Unfortunately, Corning Glass Works didn’t create any specific bicentennial-themed PYREX for the consumer market. However, the plant in Charleroi, PA did manufacture many custom items – mainly coffee mugs (model 1410) – with various bicentennial tributes for the Corning, NY and Charleroi, PA areas.
Happy July 4th USA!
1976 American Bicentennial Commemorative PYREX
Cosmopolitan Hot Casserole Set Date Now Known: 1973!
The Cosmopolitan Promotional item is a favorite for collectors due to its innovative design and mysterious origins. The casserole is sometimes referred to as the "bulls eye" due to the design.
The casserole (475 2 1/2 Qt Round Casserole) is curious in that some versions have the familiar PYREX stamp on the bottom while others are marked "Salton."
The Salton version of the casserole was manufactured by Corning Glass Works for Salton, Inc. as part of the Cosmopolitan Hot Casserole Set. The set included the casserole and a a square warmer (Model No. H-109C). Salton was a popular manufacturer of hot plates and food warmers during the 1960s and 1970s. When sold as part of the Salton set, the casserole is typically stamped "Salton" on the bottom.
A recently acquired Salton set, which included the box, revealed the date of manufacture as 1973. The date was stamped on the bottom of the box as the production date.
The casseroles marked "PYREX" may have been sold separately by Corning, rather than Salton during the same time period, although this is speculation.
The Homestead (Blue) pattern was a popular design for Corning in the late 1970s. The pattern was produced on multiple items from 1976-1980.
According to interviews with former Corning employees, the Homestead pattern was created in direct response to the hugely popular Pfaltzcraft pattern, which was very similar in design.
The Homestead pattern was sold on many types of bake ware: Mixing Bowls, Cinderella Bowls, Refrigerator Set, and Round Casserole Sets, to name a few. The pattern was also evidently sold in a very unique configuration as the "6 Piece. Country Kitchen Set."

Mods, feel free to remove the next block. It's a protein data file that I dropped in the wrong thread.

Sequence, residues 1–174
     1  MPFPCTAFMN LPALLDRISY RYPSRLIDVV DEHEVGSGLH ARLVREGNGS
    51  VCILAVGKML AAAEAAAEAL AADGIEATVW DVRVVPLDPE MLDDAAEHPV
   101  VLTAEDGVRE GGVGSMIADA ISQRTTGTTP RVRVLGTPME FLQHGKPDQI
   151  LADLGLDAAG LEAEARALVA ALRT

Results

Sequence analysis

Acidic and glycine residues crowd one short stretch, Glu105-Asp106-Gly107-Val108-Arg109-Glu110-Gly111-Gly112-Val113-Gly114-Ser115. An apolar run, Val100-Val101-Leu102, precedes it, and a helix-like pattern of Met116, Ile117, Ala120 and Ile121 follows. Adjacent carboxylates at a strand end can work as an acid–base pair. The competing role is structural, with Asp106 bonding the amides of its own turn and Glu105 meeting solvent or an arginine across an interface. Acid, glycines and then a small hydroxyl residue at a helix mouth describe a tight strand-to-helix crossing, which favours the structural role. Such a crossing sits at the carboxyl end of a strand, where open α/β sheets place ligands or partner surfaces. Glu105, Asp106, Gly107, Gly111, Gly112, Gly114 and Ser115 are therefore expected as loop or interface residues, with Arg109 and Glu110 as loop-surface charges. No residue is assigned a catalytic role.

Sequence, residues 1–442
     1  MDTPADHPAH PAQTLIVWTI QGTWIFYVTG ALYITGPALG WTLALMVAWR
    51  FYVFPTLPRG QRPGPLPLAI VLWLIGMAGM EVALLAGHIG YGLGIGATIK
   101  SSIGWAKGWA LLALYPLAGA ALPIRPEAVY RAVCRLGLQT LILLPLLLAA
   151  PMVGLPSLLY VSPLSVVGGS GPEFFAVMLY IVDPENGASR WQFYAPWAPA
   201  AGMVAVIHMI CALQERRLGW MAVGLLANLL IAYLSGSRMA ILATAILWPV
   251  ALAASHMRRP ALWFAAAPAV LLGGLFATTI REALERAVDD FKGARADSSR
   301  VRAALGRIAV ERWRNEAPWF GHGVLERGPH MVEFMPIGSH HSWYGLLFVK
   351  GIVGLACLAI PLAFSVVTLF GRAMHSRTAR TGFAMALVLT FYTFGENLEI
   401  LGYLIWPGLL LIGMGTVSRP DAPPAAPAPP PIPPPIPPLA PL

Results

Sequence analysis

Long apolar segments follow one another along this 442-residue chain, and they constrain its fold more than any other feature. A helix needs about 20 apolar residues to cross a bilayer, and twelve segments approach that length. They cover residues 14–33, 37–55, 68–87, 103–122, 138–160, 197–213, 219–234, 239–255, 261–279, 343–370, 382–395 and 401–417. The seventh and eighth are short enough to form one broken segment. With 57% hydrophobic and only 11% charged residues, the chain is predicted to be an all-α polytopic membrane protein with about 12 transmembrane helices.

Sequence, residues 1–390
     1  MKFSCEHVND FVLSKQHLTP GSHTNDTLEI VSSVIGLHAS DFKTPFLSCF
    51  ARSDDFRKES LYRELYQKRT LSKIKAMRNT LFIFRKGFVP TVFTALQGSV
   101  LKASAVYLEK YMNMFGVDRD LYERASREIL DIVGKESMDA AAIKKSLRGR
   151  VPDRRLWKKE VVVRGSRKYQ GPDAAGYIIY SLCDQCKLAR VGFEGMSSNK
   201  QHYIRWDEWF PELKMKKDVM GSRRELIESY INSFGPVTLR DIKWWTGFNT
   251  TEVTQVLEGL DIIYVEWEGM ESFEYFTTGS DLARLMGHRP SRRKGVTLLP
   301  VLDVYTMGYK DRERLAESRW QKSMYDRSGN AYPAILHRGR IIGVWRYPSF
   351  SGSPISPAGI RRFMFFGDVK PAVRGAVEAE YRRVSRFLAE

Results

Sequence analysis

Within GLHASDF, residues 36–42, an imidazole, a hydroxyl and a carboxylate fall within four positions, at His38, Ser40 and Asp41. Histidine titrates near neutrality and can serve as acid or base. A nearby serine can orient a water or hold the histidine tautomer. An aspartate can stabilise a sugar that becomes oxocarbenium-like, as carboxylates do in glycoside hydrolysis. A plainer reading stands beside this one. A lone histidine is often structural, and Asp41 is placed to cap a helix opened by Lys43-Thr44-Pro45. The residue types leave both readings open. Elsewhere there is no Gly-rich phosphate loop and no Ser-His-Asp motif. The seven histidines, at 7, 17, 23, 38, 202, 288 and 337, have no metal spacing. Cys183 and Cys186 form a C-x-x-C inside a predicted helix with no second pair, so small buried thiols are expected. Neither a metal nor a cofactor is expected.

The Country Kitchen Set, only sold in the Homestead design, consisted of the following items:
1 1/2 Qt (1.5 L) Square Refrigerator Dish (model 503)
2 1/2 Qt (2.5 L) Round Casserole with lid (model 475)
1 1/2 Qt (1.5 L) Mixing Bowl (model 402)
2 1/2 Qt (2.5 L) Mixing Bowl (model 403)
Many PYREX collectors enjoy collecting commemorative PYREX manufactured at the plant
in Charleroi, PA. The plant not only created PYREX items for local community events, but also made commemorative pieces for employees, marketing events and trade shows. Employees also received unique PYREX gifts for Christmas and were able to purchase test designs and production mistakes in the company store. These unique and sometimes
one-of-a-kind items typically command top dollar in online auctions.
Commemorative Charleroi, PA PYREX
Commemorative employee pieces were often produced in coordination with the launch of a new product. For example, the small Individual Pixie Dish (model #700) was launched
in 1970 on Daisy, Verdé and Horizon Blue and employees received a complimentary
Pixie Dish at the Plant Service Dinner. Likewise, in 1964, when small restaurantware “cereal bowls” (model #1416) were launched, employees received a commemorative bowl with gold lettering stating “50 Years of Better Tasting Meals” on one side and “Corning, 11-5-64, Charleroi” on the other.
The solid blue 473 round casserole was produced as an employee appreciation item recognizing "Excellence." The front contains the text, "Corning Glass Works, Blue Chip Week, April 21-27, 1963" while the back reads, "Charleroi Family Day April 27, 1963."
Employees also sometimes received PYREX as a holiday gift. These items are a favorite with collectors for the holidays. The white 475 round casserole dish was decorated with green holly and a red ribbon with the text, "Merry Christmas and Happy New Year." The exact date of production is unknown but presumed to be in the early 1970s.
Another holiday item, also assumed to be produced in the early 1970s, is a green
443 cinderella bowl. The bowls reads, "Merry Christmas and Happy New Year" on one side while the other side (shown) has red ribbons and white holly leaves.
Recenly an ebay seller in Charleroi, PA, whose parents worked at the plant unearthed a case of another version of the bowl with orange ribbons, instead of white, which was likely a test design.